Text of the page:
Ben Smiley is an associate in the firm’s Intellectual Property Group and Securities Litigation, Enforcement, and White-Collar Group. Mr. Smiley focuses his practice on intellectual property litigation. He has experience with patent, copyright, and trademark infringement; licensing; and trade secret litigation in federal and state court, before the International Trade Commission, and in private arbitration. Mr. Smiley’s matters have included technologies such as signal processing, semiconductor fabrication, memory design, printer firmware, and digital cameras.
Mr. Smiley also maintains an extensive pro bono practice and has represented pro bono clients in state and federal courts as well as before administrative agencies. Mr. Smiley’s practice also includes supporting the firm’s insolvency and restructuring practice when bankruptcy matters involve actively litigated disputes.
Before joining Morrison & Foerster, Mr. Smiley served as a staff attorney at the Texas Defender Service in Austin, Texas, assisting with trial preparation and appellate work on behalf of capital defendants. Mr. Smiley also interned at the Miami-Dade County State Attorney’s Office.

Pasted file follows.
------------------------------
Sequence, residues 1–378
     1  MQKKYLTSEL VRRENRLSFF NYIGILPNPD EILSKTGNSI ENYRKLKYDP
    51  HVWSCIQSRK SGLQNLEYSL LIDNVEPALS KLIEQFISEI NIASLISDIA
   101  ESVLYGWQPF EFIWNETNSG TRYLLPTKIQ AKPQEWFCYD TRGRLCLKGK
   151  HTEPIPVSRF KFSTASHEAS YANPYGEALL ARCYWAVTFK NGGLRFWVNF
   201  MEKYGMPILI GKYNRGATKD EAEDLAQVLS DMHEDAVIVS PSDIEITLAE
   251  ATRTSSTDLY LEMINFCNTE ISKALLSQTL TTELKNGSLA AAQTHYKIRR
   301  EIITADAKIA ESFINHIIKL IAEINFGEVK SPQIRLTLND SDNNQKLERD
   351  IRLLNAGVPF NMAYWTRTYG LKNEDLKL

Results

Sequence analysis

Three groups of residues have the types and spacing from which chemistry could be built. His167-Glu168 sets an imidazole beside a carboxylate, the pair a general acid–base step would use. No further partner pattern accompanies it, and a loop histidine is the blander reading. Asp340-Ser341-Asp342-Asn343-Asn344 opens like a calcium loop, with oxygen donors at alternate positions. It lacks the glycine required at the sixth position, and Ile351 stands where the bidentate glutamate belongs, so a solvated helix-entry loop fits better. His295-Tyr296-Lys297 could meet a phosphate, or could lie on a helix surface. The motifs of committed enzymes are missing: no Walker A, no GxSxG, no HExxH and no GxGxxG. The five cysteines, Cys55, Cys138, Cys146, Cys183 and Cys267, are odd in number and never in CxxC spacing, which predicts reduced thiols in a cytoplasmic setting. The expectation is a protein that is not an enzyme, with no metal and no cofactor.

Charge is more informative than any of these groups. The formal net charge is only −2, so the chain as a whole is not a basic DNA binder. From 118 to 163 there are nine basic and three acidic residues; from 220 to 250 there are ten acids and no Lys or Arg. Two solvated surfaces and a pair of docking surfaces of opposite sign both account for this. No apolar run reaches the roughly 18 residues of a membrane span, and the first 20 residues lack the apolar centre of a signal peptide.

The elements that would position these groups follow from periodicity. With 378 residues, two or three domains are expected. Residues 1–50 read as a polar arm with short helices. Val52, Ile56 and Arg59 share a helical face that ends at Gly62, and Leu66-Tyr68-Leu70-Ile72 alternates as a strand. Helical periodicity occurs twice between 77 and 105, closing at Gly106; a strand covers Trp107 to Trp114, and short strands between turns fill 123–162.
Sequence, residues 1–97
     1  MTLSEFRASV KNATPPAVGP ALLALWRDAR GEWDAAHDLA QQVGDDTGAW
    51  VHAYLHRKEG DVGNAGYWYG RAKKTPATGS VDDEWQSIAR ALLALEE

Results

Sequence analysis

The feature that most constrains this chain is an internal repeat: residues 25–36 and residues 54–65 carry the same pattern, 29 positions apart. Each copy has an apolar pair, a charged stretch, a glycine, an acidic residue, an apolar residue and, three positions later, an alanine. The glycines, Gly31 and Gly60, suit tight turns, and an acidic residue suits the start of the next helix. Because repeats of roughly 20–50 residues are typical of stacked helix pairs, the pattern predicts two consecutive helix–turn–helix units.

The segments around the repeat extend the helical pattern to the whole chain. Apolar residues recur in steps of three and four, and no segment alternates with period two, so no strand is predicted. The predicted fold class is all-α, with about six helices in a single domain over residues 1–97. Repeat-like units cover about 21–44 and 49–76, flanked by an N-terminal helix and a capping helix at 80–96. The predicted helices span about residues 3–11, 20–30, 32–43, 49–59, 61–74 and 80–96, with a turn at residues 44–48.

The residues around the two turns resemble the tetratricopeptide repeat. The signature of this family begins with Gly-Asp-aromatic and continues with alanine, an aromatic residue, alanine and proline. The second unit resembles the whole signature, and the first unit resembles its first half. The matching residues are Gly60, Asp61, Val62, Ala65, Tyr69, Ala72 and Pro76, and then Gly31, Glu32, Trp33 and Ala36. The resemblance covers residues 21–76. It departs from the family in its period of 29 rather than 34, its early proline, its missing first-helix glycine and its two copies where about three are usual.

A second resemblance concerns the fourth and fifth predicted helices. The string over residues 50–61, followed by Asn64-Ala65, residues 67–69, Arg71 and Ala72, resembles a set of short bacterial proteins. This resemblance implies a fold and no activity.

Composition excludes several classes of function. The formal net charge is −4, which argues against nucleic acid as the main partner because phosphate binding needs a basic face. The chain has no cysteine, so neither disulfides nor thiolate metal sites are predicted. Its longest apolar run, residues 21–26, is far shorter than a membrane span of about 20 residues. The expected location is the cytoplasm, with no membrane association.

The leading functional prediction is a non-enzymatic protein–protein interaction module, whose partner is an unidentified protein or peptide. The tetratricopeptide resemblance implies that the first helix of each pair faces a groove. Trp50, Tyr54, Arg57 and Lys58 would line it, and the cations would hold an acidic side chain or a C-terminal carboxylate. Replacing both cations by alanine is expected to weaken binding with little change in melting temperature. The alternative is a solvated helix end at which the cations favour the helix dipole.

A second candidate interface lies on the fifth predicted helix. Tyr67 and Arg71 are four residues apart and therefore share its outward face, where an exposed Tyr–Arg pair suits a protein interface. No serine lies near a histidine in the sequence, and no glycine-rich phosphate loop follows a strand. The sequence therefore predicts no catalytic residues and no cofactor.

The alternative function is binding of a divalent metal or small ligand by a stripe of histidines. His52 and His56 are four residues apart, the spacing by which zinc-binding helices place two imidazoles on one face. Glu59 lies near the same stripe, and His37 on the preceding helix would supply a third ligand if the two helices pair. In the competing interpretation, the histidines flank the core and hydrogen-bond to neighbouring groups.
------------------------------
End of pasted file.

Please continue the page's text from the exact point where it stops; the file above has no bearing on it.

Mr. Smiley graduated summa cum laude from Rice University with degrees in mathematics and mathematical economic analysis.
Round Rock Research v. Canon Inc., et al.(District of Delaware). Represent intervenor Fujitsu Semiconductor in four patent infringement cases.
Confidential Arbitrations Regarding Patent Licenses.Represented international corporations in private arbitrations regarding patent cross-licenses with competitors.
GIM v. A&E Television Network; GIM v. HBO(Southern District of New York). Represent AETN and HBO in separate cases brought by common non-practicing entity.
CCP Systems AG v. Samsung Electronics Company(District of New Jersey). Represent CCP in software copyright and trademark dispute.
Eastman Kodak v. Ricoh Company, Ltd.(Southern District of New York). Represent Ricoh in patent license dispute arising out of acquisition of Pentax.
De Jesus et al. v. PS Brothers Gourment et al.(Southern District of New York). Represent ten restaurant workers that were not paid minimum wage or required overtime.
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